Naked Girls at Work: Crazy Horse Director Frederick Wiseman on Filming Performance, Shooting Digitally, Getting Permission and Not Writing Dialogue

01/26/2012 4:00 AM |

I’m wondering how much preparation is involved before you begin shooting.

I don’t do any research. I don’t like to be at a place, hanging around while something really interesting is going on that I don’t get to shoot. With one exception, the longest I ever spent in a place was a day and a half or two days. And the exception was the Comédie-Fran çaise, not because I had to do research but because I had to get the permission of twenty-three unions. I not only had to get their permission to shoot the film but also their agreement not to be paid. I wouldn’t have been able to make the film otherwise. With Ballet, when I filming the American Ballet Theater, the dancers went to Chicago, and I thought I was going to shoot the performance there, but the musicians’ union wanted a hundred thousand dollars for ten minutes of music.

Do you generally run into difficulty securing permission? How do you usually approach your subjects?

I ask. I introduce myself, and say I’m doing a movie for PBS, I say that my tape recorder is running, and I explain what I’m doing, and that I’d like to request permission. I mention that the movie will be shown on television and in theaters, and I ask if it’s all right if I continue to record the conversation. Sometimes I do that before the sequence is shot, but most often it’s done after. And strangely enough, for reasons that I never completely understood, even if I haven’t explained what I’m doing, people never look at the camera and they rarely say “no.”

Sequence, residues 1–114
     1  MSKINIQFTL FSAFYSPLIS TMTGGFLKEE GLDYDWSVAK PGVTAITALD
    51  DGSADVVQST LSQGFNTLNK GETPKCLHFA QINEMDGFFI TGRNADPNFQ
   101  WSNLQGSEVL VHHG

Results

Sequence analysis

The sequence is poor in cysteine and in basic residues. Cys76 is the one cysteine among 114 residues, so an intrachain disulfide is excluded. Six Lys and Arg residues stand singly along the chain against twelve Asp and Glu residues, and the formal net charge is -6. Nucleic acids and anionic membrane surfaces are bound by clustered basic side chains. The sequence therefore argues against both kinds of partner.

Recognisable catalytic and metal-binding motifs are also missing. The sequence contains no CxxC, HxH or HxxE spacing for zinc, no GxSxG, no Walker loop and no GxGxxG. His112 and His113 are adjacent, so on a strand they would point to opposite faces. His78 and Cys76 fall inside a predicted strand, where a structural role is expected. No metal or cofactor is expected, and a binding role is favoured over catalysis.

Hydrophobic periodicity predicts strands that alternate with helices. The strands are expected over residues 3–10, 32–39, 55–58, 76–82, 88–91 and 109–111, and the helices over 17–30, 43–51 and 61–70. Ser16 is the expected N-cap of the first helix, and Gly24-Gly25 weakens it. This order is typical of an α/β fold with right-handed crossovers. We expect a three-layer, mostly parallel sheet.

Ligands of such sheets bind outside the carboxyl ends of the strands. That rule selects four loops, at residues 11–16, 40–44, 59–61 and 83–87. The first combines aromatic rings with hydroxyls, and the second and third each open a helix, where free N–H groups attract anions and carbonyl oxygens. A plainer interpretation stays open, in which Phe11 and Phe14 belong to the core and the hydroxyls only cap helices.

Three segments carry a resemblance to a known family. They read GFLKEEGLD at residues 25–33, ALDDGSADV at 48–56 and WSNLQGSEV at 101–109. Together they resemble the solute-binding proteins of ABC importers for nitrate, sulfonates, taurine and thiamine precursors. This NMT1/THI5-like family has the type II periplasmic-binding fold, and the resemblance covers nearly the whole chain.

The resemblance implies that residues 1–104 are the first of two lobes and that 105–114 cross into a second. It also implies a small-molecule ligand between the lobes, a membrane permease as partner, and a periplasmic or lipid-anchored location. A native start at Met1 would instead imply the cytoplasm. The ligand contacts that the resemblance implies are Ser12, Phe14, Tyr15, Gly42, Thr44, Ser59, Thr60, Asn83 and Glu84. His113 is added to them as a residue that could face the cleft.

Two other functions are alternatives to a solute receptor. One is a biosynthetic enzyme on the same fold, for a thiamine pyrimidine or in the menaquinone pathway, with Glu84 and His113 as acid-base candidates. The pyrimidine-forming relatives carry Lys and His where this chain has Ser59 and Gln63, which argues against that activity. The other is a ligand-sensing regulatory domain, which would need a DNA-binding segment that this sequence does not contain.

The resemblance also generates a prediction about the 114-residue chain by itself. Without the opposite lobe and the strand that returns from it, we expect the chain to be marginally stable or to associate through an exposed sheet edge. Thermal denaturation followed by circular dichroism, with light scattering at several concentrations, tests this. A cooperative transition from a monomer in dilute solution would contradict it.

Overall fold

Their tape-recorded consent is their release form, in effect.

Right. But when I’m dealing with a private institution like Neiman Marcus, I’m much more careful to get tape-recorded consents. I never get written releases because it usually proves too complicated. Tape-recorded releases are just as good because they’re contemporaneous records of the subject’s consent. But I’m less scrupulous in public institutions. For example, in a welfare center, or in any public, tax-supported institution, the documentary filmmaker is protected by the first amendment to the Constitution of the United States. In our democratic society, public institutions are supposed to be transparent; the public has a right to know what is going on.

I’m always fascinated by how much liberty these people grant themselves in front of the camera. The conversations are often very personal, very private.

I’ve been doing it for years and I’m still amazed. You would have to be a literary genius to be able to write some of the stories you hear. As a documentary filmmaker your job is to recognize their meaning and implication, but you don’t write the dialogue.